Author(s): Laishram Deepak Kumar1, Gurumayum Laxmikanta Sharma2, Bijoya Debnath3, Laishram Rajesh Singh4, Kaushik Debnath5
In our study, 50 cases of transurethral prostate biopsies were evaluated histopathologically in the Department of Pathology in collaboration with Department of Urology, Regional Institute of Medical Sciences, Imphal, from October 2013 to September 2015. Total PSA (tPSA) was estimated from serum samples in all cases.
MATERIALS AND METHODS
A total of 50 patients with elevated serum tPSA levels were inducted in this study and prostate needle biopsies taken. Matched prostatectomy specimens were also obtained for 7 cases. Specimens were kept in 10% formalin saline, grossing done and tissues processed. H and E stained sections were examined and the different histomorphological features noted. Gleason scoring system was used in cancers to stratify it.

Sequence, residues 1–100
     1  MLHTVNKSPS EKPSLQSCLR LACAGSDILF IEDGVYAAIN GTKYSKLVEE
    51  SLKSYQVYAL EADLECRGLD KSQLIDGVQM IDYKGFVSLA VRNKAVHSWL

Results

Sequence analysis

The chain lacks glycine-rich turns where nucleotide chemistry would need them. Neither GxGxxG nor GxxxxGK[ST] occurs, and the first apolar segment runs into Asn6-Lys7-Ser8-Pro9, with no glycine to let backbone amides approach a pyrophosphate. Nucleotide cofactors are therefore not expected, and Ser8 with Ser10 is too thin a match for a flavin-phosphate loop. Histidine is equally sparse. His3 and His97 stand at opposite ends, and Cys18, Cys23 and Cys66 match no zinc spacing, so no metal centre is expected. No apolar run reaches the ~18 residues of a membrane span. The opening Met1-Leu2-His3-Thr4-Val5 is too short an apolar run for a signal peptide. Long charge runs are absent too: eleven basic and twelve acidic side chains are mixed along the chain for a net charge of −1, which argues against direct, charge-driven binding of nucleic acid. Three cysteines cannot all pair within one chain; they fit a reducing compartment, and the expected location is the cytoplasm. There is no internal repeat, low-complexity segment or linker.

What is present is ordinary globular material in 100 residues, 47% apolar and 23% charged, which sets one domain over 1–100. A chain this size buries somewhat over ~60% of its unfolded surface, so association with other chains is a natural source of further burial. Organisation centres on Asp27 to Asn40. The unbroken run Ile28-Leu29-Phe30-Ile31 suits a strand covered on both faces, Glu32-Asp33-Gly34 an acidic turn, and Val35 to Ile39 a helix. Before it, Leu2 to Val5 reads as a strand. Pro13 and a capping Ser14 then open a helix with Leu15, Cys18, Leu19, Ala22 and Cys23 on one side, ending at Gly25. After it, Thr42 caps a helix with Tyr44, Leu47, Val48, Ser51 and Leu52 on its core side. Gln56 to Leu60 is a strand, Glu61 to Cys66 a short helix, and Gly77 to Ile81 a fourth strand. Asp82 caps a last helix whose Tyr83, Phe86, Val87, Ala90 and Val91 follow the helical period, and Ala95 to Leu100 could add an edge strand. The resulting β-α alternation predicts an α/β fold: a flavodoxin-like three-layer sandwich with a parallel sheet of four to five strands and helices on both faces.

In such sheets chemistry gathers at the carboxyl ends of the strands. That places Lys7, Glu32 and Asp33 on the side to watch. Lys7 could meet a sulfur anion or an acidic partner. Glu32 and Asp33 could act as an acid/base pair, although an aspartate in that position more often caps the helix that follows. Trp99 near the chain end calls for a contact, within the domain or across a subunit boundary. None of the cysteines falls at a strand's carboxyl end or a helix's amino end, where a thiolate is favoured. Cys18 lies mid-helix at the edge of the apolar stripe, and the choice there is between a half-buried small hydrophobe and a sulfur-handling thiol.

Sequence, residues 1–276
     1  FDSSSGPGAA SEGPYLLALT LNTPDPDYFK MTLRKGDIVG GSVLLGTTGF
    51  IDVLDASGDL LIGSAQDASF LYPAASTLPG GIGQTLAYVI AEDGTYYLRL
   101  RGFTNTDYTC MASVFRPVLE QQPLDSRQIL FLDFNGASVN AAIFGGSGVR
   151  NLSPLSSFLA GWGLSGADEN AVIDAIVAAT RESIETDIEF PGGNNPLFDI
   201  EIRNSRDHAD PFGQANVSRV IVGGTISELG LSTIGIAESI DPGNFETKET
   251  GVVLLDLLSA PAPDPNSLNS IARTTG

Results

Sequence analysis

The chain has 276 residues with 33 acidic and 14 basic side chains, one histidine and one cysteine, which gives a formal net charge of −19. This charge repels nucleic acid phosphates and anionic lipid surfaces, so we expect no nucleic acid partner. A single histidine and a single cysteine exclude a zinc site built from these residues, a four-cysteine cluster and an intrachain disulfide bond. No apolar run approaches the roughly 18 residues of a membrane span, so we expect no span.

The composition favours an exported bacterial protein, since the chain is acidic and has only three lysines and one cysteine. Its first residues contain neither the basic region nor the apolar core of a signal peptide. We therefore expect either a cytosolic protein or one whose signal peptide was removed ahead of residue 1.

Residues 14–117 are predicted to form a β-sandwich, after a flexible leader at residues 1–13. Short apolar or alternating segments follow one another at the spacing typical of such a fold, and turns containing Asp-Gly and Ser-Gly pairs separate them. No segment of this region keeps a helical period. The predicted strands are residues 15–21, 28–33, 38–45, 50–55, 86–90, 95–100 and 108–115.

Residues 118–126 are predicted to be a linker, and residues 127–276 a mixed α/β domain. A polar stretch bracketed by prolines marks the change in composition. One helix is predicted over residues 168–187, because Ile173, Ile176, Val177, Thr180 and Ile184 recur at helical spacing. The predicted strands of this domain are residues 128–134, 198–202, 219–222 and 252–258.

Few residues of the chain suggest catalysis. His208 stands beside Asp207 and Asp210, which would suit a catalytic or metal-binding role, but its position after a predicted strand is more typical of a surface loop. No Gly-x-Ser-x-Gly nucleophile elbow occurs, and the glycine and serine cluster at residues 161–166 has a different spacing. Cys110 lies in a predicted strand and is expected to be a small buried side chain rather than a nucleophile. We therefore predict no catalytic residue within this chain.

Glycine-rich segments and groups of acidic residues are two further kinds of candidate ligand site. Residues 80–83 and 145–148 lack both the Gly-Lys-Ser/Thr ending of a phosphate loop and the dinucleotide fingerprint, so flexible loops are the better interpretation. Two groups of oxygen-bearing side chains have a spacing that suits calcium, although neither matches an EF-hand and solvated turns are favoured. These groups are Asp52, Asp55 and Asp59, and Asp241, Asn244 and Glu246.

Out of the 50 cases, 30 malignant (all adenocarcinomas), 4 premalignant and 16 benign cases were found. Gleason scoring on needle biopsies were compared against the prostatectomy specimens. In 5 carcinoma cases with Gleason score 3+3=6 on needle biopsy, 4 cases had similar findings in the corresponding prostatectomy specimens, however, it was upgraded in 1 case. Intermediate differentiation prostatic carcinomas with Gleason score 3+4=7 in needle biopsies were comparable with prostatectomy specimens in 2 cases. The differentiation of prostatic carcinoma vis-a-vis Gleason scoring correlated well with the PSA values. In carcinomas, tPSA value and the Gleason score had a very good correlation (rs = 0.908). Mean PSA value was found to increase from benign to premalignant and malignant cases, this was found to be statistically significant (p<0.05).
Use of newer technologies like MRI and serum PSA as a screening tool for prostate pathology have made it possible to identify prostate cancer at an earlier stage in younger age group and has an increased case detection rate. However, there is no marker to predict disease course and at times lead to overtreatment. Image-guided prostate biopsy has a good patient compliance and is advantageous for procurement of representative material. While literatures have claimed that MRI can distinguish benign from malignant lesions accurately, the age old ‘histopathology’ still remains the gold standard.